Kiya offering to remain behind to take care of Yuna was very welcome for Van. It was only natural, but Kiya’s nephews all looked very Ziolian. Whenever Van saw their flat, unreadable faces, he was reflexively reminded of the faces of the enemy soldiers he had faced on bloody battlefields, and couldn’t help feeling unpleasant, as if something was stabbing his chest.

The three nephews, named Mino, Chida, and Moki, also seemed to be nervous being around a man they had only just met. Even though they accompanied him every day, they remained silent when entering the forest, and never smiled either.

The one who changed their awkward relationship was Yuna.




One morning, when Van was preparing to head out together with the youths, Yuna suddenly rushed into their tent. Kiya’s nephews had looked up at her and burst into laughter.

Wondering what had happened, Van turned around and reflexively broke into a smile. He tried his best to hold back, but quickly failed and began to laugh out loud ── because Yuna was pulling a ridiculous face.

She was lugging around a huge basket that was almost half her height, filled with raspberries and glossy, red, small fruits called mocho that she had apparently picked with Kiya. That would have been fine, but she had probably been greedy and wanted to carry and eat as many of them as possible. Her cheeks were stuffed full of mocho, puffed out like a squirrel, and so full her mouth couldn’t close. Moreover, on closer inspection, a mocho was even in one of her nostrils.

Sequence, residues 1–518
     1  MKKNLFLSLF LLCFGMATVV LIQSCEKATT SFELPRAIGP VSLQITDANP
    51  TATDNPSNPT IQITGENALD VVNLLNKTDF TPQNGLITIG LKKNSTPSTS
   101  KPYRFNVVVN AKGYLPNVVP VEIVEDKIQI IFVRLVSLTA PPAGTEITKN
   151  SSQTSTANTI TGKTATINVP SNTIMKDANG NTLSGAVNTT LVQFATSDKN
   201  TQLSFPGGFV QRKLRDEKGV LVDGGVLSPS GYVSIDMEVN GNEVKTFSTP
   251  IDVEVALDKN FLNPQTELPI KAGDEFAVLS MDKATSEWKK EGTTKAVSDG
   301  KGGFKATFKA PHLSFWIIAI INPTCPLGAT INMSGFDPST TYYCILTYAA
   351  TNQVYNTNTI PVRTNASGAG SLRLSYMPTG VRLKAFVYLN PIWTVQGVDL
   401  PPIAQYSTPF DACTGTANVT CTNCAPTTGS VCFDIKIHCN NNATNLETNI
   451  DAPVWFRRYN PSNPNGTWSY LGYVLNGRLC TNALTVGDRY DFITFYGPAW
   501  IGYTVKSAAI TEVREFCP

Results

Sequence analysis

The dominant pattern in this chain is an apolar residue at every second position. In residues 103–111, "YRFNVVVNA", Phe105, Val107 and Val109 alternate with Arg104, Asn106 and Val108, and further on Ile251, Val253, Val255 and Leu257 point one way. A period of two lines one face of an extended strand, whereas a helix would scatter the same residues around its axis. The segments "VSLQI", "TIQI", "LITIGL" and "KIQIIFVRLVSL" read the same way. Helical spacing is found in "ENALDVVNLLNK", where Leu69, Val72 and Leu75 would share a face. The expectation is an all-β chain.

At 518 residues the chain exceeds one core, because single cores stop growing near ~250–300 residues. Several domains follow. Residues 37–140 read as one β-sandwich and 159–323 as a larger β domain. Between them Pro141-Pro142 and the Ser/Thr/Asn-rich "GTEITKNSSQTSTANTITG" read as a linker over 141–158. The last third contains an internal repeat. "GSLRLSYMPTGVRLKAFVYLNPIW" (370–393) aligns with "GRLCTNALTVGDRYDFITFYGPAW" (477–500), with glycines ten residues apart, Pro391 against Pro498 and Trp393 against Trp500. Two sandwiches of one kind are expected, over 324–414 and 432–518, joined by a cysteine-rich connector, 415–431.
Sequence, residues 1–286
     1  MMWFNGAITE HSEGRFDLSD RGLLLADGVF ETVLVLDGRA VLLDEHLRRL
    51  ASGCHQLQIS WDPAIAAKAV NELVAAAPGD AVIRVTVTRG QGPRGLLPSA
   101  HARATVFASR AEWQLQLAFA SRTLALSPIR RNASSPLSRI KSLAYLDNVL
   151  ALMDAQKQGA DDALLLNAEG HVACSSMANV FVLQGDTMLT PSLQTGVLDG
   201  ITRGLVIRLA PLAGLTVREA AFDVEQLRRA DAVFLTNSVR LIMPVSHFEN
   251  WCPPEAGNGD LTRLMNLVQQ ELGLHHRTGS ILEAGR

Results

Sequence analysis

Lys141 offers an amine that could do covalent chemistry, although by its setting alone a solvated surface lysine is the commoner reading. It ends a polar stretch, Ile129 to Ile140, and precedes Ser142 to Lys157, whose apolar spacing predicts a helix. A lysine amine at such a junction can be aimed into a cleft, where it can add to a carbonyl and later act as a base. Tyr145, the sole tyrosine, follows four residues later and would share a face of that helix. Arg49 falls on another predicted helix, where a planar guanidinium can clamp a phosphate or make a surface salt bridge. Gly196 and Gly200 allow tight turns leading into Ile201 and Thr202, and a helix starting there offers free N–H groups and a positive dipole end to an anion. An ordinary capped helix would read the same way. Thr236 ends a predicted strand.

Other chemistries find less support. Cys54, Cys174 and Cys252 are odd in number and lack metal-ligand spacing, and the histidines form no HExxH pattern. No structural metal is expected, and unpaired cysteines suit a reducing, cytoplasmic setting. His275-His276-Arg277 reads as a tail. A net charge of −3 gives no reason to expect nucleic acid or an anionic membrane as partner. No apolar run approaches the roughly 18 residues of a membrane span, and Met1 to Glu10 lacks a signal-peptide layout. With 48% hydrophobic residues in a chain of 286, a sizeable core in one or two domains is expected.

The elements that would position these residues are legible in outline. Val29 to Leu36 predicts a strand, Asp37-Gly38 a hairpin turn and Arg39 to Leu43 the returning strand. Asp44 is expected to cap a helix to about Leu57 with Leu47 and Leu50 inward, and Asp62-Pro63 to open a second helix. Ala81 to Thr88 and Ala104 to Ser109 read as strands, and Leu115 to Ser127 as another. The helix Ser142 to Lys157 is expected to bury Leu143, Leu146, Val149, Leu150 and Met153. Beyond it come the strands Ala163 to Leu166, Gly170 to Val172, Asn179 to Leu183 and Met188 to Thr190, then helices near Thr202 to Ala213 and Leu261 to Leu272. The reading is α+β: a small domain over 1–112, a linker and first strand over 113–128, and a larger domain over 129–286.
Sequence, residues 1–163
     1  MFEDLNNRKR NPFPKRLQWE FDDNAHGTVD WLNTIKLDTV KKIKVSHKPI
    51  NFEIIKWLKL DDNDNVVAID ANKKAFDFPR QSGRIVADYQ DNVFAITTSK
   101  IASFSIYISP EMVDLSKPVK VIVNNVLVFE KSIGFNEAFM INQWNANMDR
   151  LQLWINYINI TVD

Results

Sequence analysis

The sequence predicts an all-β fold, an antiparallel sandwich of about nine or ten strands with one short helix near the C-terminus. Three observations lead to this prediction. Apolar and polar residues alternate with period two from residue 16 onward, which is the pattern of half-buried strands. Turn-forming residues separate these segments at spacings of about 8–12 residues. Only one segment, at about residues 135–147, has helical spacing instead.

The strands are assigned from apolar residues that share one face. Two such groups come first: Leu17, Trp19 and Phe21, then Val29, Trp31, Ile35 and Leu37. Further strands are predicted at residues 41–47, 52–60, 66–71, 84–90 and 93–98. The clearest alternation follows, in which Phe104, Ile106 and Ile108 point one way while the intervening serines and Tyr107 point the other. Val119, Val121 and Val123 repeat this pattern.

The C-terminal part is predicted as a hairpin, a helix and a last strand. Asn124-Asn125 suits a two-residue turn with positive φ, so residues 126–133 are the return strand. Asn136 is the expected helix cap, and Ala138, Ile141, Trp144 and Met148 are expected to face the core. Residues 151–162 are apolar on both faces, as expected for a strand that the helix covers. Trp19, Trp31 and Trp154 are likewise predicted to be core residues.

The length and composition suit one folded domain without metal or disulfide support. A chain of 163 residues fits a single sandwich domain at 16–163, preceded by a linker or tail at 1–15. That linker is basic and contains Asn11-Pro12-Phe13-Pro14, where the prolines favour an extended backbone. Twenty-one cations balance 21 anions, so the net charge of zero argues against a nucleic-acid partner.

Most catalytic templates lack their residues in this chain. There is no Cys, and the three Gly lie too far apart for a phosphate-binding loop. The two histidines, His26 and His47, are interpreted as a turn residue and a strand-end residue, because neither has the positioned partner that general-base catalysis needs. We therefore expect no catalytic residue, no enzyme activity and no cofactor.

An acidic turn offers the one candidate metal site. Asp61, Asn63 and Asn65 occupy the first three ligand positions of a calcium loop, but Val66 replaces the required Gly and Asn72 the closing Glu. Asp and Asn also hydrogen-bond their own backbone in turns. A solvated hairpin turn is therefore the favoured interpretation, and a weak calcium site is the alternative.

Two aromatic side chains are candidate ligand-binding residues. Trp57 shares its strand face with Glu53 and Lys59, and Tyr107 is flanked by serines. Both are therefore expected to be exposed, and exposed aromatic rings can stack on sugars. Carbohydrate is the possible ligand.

Yuna’s eyes were darting about and she was whimpering like she was in pain, but Van and the young men were rolling around with laughter, and couldn’t quite rally themselves to help her. If you can’t close your mouth, you can’t chew or swallow either. Continuing to laugh breathlessly, Van grabbed Yuna’s face. Once he had managed to pry the fruits out of her mouth with his fingers, Yuna managed to breathe out deeply in relief.